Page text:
The Wonders's Focaccia
It was a long time since I wanted to try a recipe about a high hydration and cold leavened focaccia.
A few weeks ago an Instagram friend of mine shared with me a very interesting recipe created by Chef Roberto Petersen and so I decided to take a cue for my focaccia!
The result? Beyond all my expectations!
Here is the recipe! It's easy, within everyone's reach, it doesn't require master baker's skills ... but just patience!
I suggest you start the process in the evening in order to eat the focaccia the next day, leaving the whole night for the longest leavening.
650 g manitoba flour
650 g warm water
5 g yeast (fresh or powder)
250 g Manitoba flour
20 g Extravirgin Olive Oil
30 g salt
In a bowl put the warm water and the yeast, mix well with a spoon and let stand for 8 minutes.
In another large bowl, add the water with the yeast to the flour using two spoons instead of your hands to mix the ingredients. The mixture must be uniform and creamy, a white baby food in short!
Why do we use spoons and not hands to work the dough? In order not to get trapped in the dough which is currently 100% hydrated.
I recommend carefully choose the bowl for the dough as the latter will rise doubling its volume.
Cover the bowl and put it in the fridge for 12 hours.
After this time the dough will have risen and there will be nice bubbles on the surface.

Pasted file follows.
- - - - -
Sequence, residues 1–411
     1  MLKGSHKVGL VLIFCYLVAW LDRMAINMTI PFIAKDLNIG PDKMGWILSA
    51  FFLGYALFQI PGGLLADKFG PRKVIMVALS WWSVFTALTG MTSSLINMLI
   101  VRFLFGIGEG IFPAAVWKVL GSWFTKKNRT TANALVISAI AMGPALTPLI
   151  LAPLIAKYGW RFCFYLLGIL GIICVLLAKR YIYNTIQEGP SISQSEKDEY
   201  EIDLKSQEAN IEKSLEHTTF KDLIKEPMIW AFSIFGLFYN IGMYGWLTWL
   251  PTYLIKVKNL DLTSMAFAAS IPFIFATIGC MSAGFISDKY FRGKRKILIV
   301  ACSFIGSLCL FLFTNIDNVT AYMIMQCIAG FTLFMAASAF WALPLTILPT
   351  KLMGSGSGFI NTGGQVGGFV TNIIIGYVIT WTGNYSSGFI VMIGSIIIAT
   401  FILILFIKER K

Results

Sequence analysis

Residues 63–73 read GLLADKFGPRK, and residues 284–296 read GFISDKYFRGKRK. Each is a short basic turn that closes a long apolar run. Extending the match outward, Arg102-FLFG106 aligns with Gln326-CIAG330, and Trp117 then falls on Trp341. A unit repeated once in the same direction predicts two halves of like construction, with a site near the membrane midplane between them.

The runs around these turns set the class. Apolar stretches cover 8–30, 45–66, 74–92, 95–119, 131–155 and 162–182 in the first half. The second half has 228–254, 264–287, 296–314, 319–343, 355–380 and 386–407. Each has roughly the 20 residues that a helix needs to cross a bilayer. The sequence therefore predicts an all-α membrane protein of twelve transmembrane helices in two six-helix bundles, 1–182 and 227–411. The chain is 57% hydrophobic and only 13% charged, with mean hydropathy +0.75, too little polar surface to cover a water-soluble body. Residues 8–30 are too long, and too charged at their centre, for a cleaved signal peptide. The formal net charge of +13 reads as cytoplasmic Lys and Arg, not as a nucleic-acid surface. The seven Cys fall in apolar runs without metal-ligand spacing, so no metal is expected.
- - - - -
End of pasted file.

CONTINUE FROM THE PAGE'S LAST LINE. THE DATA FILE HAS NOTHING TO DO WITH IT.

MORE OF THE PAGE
Add another 250 g of flour to the leavened dough until it is completely absorbed, then proceed with the addition of salt and olive oil. The mixture must be very hydrated, smooth and shiny.
Let's wet our hands (to be able to manage our dough), lift the dough which will immediately stretch downwards and fold it on itself (imagine folding an A4 sheet in half).
This operation must be repeated 4 times every 20/25 minutes.
The rest time between leavening must take place at room temperature and the dough must always be covered.
Once the series of folds has been used up, put the dough directly into the pan in which we will bake the focaccia (the pan must be covered with greaseproof paper or well oiled and dusted with flour).
Here we are at the last rising, always at room temperature and for 4 hours. I did it in the oven off.
Now we have fun with our hands!
After 4 hours the dough will be leavened again, with the help of your fingers spread it on the surface of the pan and contextually form the classic focaccia holes ... I recommend you delicately, otherwise we will deflate it! During this operation air bubbles may form on the surface of the dough ... that's fine!
Before baking the focaccia, put some extra virgin olive oil on the surface.
Baking: hot oven (230 C / 450 F static) for 20 minutes, then 10 minutes at 180 C / 360 F.
Each oven cooks in its own way ... so let's keep an eye on the focaccia which must be golden! Crispy on the outside and tender, as well as full of fantastic holes due to leavening, on the inside!
Excellent on its own, as a base for cheeses and cold cuts, hazelnut or peanut creams and fabulous stuffing!
So indulge yourself and tell me about your combinations!
In the remote hypothesis in which you have a piece of it left, just heat it in the oven a few minutes the next day!